Douglas McMaster, award-winning chef and founder of the UK’s first zero-waste restaurant SILO, has joined forces with Charles Heidsieck Champagne as part of its unique event series Maverick Encounters – a celebration of pioneering innovators who share the ethos of its legendary founder, ‘Champagne Charlie’.
In the series, which saw McMaster host a masterclass and tasting experience with the champagne house, the chef was joined by Charles Heidsieck’s executive director Stephen Leroux; together they explored the well-kept gastronomic secret of unexpected yet excellent pairing of champagne, bread and butter.
Douglas joins a long list of mavericks, with those previously enlisted in the series including expert tailor Joshua Kane, cutting edge premium knife-makers Blenheim Forge, papercut artist and illustrator Poppy Chancellor, fine dining extraordinaire Paul Askew and mould-breaking custom jewellers The Workbench.
BN1 spoke with the chef ahead of the first of the new season of Maverick Encounters events, taking place at SILO in Brighton on Weds 16 May.
BN1: How does it feel being recognised by Charles Heidsieck in their Maverick series? Does it all feel a bit Top Gun?
Douglas McMaster: The email took me about eight seconds to say yes. I feel very honoured and humbled to be called a ‘maverick’. In 2009 I won the Young Chef of the Year, which was a competition to be the best – and of course it’s nice to be recognised that way. But then years later I won the ‘Most Innovative Chef’ award, and I thought, that’s more like it – that’s the kind of award which really motivates me in this industry. And likewise, to be considered a maverick is really wonderful.
BN1: Winning an award for being innovative is a lot more exciting isn’t it? It forces you to keep striving to do something new.
DM: Yeah, exactly. And that goes hand in hand with a lot of the messaging we try to put across with SILO; the unrealistic desire to have perfection in the industry is very unhealthy – and it creates waste. I once wrote an article about this and said, “Brilliant is enough – let’s do everything properly but do it brilliantly.” And there’s a lot of SILO in that.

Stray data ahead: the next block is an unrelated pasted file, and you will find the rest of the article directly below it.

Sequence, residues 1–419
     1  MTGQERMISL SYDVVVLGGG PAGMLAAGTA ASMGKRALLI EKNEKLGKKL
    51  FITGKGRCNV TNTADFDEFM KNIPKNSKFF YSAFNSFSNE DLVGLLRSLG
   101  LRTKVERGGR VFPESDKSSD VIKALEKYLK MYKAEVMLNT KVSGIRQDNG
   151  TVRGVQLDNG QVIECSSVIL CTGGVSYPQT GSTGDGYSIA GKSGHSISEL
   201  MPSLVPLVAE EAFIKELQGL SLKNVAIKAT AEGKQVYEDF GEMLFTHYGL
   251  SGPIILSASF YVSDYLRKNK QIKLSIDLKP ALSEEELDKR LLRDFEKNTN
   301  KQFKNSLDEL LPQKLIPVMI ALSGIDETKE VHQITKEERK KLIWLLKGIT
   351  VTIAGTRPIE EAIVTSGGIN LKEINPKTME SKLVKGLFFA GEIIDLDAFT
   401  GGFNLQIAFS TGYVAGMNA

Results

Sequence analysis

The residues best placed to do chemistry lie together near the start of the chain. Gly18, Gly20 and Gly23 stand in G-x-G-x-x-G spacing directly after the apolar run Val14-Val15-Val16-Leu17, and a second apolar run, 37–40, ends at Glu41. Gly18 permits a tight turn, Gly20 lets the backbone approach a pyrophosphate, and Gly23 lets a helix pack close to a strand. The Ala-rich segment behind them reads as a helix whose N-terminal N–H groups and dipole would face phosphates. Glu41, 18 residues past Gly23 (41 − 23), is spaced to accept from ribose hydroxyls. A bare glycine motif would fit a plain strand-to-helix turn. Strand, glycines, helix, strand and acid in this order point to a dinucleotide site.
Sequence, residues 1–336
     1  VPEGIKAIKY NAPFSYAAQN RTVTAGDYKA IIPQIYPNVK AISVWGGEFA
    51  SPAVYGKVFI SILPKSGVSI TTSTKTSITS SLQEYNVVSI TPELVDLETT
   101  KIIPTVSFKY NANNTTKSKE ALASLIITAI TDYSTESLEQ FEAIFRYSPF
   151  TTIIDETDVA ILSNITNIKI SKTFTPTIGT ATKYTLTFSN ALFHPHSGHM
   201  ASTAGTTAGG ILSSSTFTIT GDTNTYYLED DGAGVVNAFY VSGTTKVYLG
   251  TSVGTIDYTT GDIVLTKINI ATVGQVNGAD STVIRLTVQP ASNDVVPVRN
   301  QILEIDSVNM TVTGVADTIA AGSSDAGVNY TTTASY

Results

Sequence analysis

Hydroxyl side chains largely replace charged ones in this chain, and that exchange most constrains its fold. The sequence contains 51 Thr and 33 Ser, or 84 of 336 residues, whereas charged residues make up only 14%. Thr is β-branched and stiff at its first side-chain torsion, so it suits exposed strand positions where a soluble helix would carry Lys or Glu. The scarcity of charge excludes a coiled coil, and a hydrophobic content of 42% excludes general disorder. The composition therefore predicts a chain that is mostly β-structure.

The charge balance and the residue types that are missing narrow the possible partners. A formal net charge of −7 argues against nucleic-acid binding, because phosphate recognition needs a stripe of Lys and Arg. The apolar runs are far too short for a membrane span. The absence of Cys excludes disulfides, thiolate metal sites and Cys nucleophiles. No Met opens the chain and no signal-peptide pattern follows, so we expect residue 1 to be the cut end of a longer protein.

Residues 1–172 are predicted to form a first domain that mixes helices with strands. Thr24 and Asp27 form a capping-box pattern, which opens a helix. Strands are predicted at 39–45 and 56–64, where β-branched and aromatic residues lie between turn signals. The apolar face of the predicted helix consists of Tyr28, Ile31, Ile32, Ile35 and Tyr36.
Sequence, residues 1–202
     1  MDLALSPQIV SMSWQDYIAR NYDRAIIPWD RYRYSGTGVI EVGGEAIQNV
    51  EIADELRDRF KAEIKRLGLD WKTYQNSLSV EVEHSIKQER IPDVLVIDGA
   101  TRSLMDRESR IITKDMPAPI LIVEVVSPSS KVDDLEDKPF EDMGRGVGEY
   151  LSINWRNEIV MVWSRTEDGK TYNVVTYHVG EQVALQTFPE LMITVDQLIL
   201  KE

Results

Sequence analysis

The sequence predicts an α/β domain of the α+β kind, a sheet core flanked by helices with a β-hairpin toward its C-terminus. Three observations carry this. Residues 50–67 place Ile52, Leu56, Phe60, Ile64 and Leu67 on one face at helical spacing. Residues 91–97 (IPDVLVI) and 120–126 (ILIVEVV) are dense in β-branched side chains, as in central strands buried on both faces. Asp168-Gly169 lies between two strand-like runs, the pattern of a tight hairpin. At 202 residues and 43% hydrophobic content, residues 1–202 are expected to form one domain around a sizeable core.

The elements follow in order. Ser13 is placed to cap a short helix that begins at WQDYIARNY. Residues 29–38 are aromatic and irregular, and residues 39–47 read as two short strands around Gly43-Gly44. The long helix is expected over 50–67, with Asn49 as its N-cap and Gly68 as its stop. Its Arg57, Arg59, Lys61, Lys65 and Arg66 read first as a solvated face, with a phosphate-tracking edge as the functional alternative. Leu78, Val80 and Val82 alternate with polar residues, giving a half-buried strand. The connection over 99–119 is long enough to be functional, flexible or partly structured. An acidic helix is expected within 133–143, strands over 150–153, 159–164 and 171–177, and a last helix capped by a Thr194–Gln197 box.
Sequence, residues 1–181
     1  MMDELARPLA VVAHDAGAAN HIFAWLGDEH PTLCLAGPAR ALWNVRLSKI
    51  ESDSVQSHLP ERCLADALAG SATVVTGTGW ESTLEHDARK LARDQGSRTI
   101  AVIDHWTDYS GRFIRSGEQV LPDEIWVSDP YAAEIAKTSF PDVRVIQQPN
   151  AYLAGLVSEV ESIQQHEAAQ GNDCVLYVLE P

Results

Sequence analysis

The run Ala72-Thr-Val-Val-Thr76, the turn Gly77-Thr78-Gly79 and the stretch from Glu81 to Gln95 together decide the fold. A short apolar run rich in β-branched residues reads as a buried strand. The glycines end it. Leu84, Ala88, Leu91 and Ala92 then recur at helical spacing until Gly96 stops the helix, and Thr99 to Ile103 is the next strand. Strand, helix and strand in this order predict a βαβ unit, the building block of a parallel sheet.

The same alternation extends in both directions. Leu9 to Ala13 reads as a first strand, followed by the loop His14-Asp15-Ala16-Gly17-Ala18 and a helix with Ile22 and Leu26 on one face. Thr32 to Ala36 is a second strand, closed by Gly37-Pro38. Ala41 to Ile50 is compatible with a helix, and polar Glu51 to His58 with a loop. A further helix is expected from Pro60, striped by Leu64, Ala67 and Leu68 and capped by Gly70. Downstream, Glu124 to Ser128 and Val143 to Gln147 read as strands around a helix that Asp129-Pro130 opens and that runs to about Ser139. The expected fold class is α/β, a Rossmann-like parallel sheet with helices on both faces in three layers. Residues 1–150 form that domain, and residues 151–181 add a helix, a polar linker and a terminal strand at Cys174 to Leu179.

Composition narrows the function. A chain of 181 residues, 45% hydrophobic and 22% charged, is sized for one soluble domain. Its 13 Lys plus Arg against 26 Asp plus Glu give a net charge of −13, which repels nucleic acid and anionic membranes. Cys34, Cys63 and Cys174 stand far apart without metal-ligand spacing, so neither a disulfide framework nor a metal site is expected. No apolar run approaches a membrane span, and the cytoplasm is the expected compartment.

BN1: It’s also something you have in common with Charles Heidsieck… Are there any other parallels between SILO’s story and the champagne house’s?
DM: Absolutely, I’d like to think so. Champagne Charlie went against he grain, deciding to do things differently for the greater good, and I consider that something that I and SILO do too. I decided to use my time and career to zoom in on those negatives in the industry – those of waste and of wasting food – and offer a solution. Charles for his whole life struggled to do things his way, and it was only after he passed that he became this incredibly wealthy individual. I can relate to that – I don’t have a Tesla just yet!
BN1: So even prior to the partnership, did you serve champagne? Not many people would automatically associate such a luxury product with a zero-waste message.
DM: Yes we do – we serve Franck Pascale and use a sparkling wine from the Loire Valley – and now Charles Heidsieck. It’s really important for me to prove that sustainability doesn’t have to suffer through quality – that’s such a key message to SILO. There are lots of green and ethical restaurants across the UK but that aren’t very delicious and exciting, they compromise quality, which doesn’t need to happen.
BN1: You’re also extending your no-waste campaign to glass, aren’t you?
DM: Yep, so we’re doing something pretty radical, and it’s starting this evening. We’ve had a successful crowdfunder which has allowed us to buy two machines to turn our used glass into powder – and then into a sort of faux-porcelain. It’s not real, but it has the same structure and qualities of porcelain. The bottles we’re bringing in for Charles Heidsieck are going to be the first we try it with – and then we’ll turn them into plates we’ll use at SILO, or water glasses. It’s a really nice way to mark this event.